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Astronomy and Education

Structure of the Programme

The Astronomy and Education specialisation prepares you for a career in physics teaching and results in the teacher qualification (eerstegraads lesbevoegdheid) required for employment as a physics teacher in Dutch secondary schools. It is a joint programme offered in collaboration with the Leiden University Graduate School of Teaching (ICLON). The two-year programme consists of an Astronomy component (60 EC) in the first year and an Education component (60 EC; only taught in Dutch) in the second year. Alternatively, you can participate in the World Teachers Programme (WTP) to prepare for international teaching (60 EC, partly taught in Dutch).

Please note that entrance requirements for the Astronomy and Education specialisation include a proof of Dutch language proficiency. This also holds for the World Teachers Programme. Applicants who have not been educated in the Dutch secondary school system will have to take a Dutch language test (Toelatingsexamen Universiteit Leiden – gevorderd).

Programme first year: Astronomy (60 EC)

EC Level
Astronomy Core Courses, at least 12 500
Astronomy Courses of any type 6-12 400-500
Non-Astronomy Courses 6-12 400-500
Research Project
Master's Research Project in Astronomy 30 600

Programme second year: Education (60 EC, in Dutch)

Level EC
Learning and Instruction 1 & 2 8 300-400
Teaching Methodology 1 & 2 10 400-500
Education Theory 5 400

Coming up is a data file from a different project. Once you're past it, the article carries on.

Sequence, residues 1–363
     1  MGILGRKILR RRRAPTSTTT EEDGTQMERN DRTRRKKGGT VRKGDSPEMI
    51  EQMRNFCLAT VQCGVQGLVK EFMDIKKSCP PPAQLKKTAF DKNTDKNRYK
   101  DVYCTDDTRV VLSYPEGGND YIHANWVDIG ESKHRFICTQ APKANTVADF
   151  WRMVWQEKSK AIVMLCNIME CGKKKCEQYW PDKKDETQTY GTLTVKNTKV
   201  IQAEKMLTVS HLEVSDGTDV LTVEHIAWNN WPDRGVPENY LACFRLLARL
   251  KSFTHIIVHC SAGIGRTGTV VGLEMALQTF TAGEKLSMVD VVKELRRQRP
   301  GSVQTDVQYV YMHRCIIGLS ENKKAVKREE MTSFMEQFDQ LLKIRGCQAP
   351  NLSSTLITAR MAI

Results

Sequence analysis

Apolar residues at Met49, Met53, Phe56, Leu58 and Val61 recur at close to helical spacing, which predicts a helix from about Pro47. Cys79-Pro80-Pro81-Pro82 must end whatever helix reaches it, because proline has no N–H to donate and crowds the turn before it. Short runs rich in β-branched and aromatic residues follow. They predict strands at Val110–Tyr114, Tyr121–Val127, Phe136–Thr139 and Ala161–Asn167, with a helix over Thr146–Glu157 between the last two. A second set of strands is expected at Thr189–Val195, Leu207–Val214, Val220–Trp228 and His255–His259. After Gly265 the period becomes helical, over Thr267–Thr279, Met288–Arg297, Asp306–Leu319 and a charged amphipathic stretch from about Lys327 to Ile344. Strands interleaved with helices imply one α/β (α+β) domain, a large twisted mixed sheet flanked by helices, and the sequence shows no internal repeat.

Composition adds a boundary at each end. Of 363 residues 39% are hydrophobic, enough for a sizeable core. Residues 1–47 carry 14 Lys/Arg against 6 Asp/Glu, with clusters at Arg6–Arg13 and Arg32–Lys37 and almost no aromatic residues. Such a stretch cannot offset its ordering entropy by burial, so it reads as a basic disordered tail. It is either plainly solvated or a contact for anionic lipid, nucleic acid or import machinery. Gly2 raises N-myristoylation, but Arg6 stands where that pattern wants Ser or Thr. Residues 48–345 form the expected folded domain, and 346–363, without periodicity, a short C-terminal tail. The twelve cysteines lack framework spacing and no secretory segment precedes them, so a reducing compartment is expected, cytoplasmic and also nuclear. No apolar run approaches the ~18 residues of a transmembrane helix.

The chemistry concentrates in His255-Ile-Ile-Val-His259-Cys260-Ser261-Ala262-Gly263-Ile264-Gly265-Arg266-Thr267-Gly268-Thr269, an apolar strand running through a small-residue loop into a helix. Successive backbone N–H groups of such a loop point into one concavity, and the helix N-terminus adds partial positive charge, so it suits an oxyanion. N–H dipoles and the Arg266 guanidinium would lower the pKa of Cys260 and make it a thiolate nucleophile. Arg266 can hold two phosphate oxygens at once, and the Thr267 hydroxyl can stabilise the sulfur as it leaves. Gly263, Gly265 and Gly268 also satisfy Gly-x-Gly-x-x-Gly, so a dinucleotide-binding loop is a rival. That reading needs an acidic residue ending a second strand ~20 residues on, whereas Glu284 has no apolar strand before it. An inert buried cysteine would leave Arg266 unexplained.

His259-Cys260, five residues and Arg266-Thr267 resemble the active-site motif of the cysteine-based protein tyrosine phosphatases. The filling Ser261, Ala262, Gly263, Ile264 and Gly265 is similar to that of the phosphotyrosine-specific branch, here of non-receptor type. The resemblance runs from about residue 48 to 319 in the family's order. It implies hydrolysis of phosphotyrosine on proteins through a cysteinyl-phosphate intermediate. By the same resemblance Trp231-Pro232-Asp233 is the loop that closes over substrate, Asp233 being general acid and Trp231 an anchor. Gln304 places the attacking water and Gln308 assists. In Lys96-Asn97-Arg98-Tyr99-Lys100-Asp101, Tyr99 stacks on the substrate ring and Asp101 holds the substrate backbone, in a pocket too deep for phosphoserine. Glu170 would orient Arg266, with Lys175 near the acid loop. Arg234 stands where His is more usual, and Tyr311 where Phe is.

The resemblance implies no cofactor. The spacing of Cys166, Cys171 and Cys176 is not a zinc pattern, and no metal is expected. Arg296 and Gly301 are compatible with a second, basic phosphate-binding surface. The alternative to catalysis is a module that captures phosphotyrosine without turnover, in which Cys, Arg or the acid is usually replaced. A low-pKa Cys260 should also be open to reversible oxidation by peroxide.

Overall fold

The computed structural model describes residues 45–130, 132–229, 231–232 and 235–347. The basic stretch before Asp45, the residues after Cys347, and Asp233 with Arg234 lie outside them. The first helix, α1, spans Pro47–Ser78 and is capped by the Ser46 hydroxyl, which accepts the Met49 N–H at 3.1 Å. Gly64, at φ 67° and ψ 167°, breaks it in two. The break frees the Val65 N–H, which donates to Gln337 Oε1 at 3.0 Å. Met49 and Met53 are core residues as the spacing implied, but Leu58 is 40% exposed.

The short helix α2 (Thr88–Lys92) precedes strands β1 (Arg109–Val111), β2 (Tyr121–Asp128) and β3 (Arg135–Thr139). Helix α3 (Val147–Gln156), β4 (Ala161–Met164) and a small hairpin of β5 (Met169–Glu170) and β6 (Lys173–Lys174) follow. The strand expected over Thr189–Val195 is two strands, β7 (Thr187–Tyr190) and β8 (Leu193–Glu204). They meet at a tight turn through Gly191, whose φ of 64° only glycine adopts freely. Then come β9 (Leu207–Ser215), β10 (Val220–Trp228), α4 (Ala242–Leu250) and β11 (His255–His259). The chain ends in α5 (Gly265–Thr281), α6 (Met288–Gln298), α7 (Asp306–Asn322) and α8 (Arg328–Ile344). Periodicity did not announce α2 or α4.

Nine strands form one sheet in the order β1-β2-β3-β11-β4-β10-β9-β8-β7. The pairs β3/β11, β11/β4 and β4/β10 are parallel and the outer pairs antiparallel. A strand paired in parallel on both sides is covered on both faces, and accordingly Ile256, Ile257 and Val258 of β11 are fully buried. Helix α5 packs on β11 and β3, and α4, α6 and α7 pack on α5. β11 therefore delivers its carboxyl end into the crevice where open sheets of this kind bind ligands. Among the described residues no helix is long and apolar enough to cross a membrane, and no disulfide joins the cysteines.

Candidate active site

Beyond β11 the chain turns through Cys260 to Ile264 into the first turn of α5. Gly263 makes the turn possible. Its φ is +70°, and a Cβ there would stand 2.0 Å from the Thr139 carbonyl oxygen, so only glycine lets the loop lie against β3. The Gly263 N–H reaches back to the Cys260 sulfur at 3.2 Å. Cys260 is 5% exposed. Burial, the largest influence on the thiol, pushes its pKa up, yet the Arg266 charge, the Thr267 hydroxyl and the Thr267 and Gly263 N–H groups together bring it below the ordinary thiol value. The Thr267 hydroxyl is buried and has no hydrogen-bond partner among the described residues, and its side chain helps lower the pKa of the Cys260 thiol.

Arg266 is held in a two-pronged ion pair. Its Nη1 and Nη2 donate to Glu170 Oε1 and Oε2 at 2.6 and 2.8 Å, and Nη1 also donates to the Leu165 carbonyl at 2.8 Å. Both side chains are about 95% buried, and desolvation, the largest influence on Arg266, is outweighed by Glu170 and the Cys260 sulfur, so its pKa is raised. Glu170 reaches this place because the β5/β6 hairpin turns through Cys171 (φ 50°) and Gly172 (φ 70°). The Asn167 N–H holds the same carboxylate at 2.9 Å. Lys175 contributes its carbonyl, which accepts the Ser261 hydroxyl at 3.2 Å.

Design Research 7 600
Teaching and Practice 1 & 2 30 -

Programme second year: World Teachers Programme (60 EC, in Dutch/English)

Level EC
Learning and Instruction 1 & 2 (in English) 8 300-400
Teaching Methodology 1 & 2 (in Dutch) 10 400-500
Education Theory (in English) 5 400
Participatory Action Research (PAR, in English) 7 600
World Teachers Programme Seminars - -
School Practice (bilingual or international school) 15 -
International Internship 15 -

Master Study Plan

At the start of the master’s programme, students are required to draw up the Master Study Plan: a complete list of planned courses and projects for two subsequent academic years in consultation with the Study Advisor Astronomy. To select courses, consult the course list for academic year 2018-2019 (see below) and the preliminary course list for academic year 2019-2020.

Learn more

Courses 2018-2019

Course EC Semester 1 Semester 2

Astronomy Master's Research Project

Master's Research Project Astronomy 2 30

Astronomy Core Courses

Origin and Evolution of the Universe 6
Stellar Structure and Evolution 6
Large Scale Structure and Galaxy Formation 6

General Astronomy Courses

Computational Astrophysics 6

Instrument-related Astronomy Courses

Astronomical Telescopes and Instruments 6
Radio Astronomy 6
Detection of Light a + b 6
Detection of Light a 3

Specialist Astronomy Courses

Astronomical Spectroscopy 3
High-energy Astrophysics 3
Modern Astrostatistics 3
Numerical Recipes in Astrophysics 6

Inter-faculty Electives

Science and the public: contemporary and historical perspectives 6
Science Methodology (SCM) 4

Non-Astronomy Courses

These courses can be selected from the courses offered by the following Leiden University master's programmes:

Career Orientation

Career orientation
During the Astronomy master’s education programme, we support you in making choices that are relevant to your future career. You will be stimulated to think about your ambitions and potential and to reflect on how to reach your goals. By actively exploring the possibilities, you enable yourself to make motivated study and career choices.